Hyde Housing said that while they “do understand that the situation which is felt nationally is extremely frustrating for anyone wanting to sell, re-mortgage or staircase”, they reported no such problems because all of their properties have had a “comprehensive fire safety risk assessment carried out on them”.
Southern Housing Group was the only housing association to respond who did not provide information on subletting requests from shared owners affected by jittery lenders.
LKP has learnt that Notting Hill Genesis recently wrote to its shared owners that subletting would be allowed if they have been unable to staircase to 100% lease ownership and cannot sell.
Head lease headaches for residents of another east London site, while leaseholder leading the fight cancels IVF due to stress and extra financial burden …
You and Yours also heard that the complex ownership structures at another east London site was presenting problems for leaseholders, who say they have experienced blame shifting.
In this case, the housing association, L&Q, is only the managing agent, with the original developer, Bellway Homes, the head lease owner.
Usually L&Q acquire the head lease from Bellway, but for reasons unknown, they have not done so here.
(The freeholder is the Mayor and Burgesses of the London Borough of Tower Hamlets.)
“The residents have fought really hard to get information about their building safety, their exterior walls, but documents have gone missing, even service contracts, so the responsibility for putting things right is unclear,” said the presenter.
Speaking to the leaseholder pushing for a resolution, the programme heard that all of her life savings were in the flat and that after one unsuccessful round of IVF treatment, which could have been influenced by the situation at home, her and her partner have chosen not to continue on this path due to the strain and money concerns brought on by their leasehold problems.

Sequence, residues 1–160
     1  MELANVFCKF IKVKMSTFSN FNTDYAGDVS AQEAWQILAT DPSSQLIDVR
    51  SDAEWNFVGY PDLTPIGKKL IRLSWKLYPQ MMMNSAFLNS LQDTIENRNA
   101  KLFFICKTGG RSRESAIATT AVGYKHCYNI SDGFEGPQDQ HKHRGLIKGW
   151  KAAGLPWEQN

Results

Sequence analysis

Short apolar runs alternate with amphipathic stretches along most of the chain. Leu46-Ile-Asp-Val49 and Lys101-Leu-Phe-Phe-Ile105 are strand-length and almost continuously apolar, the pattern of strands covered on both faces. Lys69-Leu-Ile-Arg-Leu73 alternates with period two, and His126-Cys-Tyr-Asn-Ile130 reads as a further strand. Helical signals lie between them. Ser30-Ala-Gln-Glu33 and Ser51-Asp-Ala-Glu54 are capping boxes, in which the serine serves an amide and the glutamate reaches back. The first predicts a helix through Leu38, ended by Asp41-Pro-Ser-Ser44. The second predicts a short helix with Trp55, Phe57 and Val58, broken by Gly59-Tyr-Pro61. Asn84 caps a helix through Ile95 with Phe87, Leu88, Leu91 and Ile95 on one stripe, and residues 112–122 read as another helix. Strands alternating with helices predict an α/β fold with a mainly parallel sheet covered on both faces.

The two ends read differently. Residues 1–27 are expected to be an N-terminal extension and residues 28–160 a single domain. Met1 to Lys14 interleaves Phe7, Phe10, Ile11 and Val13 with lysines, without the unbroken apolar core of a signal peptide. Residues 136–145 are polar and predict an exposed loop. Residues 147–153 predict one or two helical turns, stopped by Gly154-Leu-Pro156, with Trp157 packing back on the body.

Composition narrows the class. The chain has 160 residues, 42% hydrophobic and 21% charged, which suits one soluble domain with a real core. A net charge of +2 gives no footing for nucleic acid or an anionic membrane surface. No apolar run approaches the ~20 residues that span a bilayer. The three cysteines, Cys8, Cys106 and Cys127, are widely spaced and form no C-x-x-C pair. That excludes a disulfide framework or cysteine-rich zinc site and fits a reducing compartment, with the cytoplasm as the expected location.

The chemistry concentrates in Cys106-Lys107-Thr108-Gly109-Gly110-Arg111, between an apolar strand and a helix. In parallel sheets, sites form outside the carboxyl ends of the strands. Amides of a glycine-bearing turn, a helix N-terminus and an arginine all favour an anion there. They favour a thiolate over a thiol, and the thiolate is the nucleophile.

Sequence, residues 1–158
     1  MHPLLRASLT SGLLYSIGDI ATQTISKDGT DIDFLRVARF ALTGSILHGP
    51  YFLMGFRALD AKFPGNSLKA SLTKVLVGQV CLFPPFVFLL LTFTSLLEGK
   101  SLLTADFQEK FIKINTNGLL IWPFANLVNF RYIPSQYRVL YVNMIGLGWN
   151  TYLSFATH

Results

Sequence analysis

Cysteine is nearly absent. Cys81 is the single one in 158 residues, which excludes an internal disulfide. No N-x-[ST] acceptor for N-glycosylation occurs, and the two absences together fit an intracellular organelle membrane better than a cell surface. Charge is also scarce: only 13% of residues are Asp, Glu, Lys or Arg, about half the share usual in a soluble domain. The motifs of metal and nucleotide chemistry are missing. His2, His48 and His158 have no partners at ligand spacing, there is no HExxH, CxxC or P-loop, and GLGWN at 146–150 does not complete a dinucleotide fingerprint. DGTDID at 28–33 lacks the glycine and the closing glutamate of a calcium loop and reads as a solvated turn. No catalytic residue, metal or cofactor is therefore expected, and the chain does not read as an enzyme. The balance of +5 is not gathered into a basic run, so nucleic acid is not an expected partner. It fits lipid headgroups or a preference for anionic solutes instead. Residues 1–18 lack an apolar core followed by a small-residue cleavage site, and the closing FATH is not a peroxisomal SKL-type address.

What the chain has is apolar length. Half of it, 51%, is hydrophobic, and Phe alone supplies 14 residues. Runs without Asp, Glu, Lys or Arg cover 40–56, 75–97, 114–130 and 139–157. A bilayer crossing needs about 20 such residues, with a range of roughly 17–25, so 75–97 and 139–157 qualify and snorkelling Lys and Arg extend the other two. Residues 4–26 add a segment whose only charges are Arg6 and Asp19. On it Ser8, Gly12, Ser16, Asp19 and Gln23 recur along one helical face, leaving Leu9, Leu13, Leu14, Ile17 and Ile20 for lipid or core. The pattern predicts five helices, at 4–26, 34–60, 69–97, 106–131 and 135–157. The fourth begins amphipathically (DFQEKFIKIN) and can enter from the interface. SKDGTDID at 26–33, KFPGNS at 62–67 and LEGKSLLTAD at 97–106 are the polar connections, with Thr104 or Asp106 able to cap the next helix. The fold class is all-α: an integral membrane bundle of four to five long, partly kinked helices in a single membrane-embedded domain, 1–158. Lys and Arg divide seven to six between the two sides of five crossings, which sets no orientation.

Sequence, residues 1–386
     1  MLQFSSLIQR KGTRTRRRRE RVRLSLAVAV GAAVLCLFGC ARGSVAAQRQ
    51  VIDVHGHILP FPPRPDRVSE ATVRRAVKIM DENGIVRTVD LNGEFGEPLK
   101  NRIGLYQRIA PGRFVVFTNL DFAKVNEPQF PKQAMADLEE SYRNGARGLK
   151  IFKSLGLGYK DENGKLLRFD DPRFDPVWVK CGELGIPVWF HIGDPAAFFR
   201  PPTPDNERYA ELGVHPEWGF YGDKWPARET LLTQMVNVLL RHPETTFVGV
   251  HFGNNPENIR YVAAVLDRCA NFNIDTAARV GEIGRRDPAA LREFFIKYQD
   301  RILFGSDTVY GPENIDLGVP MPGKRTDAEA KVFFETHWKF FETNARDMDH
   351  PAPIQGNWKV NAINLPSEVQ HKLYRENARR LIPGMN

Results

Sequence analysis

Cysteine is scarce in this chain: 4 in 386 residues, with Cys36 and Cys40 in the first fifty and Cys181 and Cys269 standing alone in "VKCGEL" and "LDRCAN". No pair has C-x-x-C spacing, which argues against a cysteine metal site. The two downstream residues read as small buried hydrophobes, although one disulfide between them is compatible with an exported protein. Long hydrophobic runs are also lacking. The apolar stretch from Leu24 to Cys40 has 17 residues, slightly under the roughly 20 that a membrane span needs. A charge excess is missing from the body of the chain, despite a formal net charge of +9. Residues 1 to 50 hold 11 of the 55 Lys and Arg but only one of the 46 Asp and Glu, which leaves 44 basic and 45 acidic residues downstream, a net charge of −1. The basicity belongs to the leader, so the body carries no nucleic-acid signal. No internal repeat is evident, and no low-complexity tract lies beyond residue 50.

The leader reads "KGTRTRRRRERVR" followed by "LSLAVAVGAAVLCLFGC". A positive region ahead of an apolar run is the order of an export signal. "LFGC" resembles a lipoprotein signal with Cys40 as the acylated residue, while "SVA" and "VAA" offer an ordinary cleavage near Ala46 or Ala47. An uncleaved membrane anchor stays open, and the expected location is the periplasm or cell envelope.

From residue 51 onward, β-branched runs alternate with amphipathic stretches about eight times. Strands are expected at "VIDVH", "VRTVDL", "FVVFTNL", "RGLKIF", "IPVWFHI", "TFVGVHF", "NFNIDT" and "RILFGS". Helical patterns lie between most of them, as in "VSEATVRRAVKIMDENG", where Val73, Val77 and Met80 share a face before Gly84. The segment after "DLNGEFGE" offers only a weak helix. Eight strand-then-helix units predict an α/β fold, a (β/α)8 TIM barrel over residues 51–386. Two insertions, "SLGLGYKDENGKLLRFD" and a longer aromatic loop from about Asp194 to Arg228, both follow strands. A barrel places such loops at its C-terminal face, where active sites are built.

You and Yours was told that residents were willing to pay for the work and had even found a surveyor, who confirmed he could do the inspection.
But L&Q refused permission.
LKP understands that the block is part of the So-Stepney development, which has over 700 flats.
Bellway is L&Q’s 50-50 partner over at Barking Riverside, the largest regeneration site in London, so has an interest in not antagonising L&Q.
When asked to intervene, they simply referred leaseholders to L&Q, despite owning the head lease.
It has been claimed that L&Q has admitted to leaseholders that they have no formal contract with them, having merged in 2018 with East Thames, who tended the site. It is feared that key documentation relating to building safety was lost during the handover.
While You and Yours focused on the EWS1 form, it had hinted at wider issues, reporting that time is running out for a claim to be brought against Bellway under the Defective Premises Act.
Almost two years since the Grenfell tragedy, the latest UK government data confirms that 226 private sector residential buildings still have ACM cladding that is unlikely to meet building regulations; and there is no data on the other fire-safety issues that are emerging.
The 1972 law was mentioned as a possible lifeline for leaseholders by new building safety minister Lord Greenhalgh in a grilling by a group of MPs last month.
Leaseholders at the site are also anxious for the responsible person to make an application for taxpayer funds.
They believe that their block qualifies for the recently announced £1bn Building Safety Fund as the potentially combustible insulation behind the facing brick is part of the external wall system.
Bellway told them the news in March, but neither L&Q nor it would take responsibility.
To ensure leaseholders do not have to pay tens of thousands of pounds individually for remediation, Bellway and L&Q need to work together to submit their paperwork to the ministry of housing by July 31.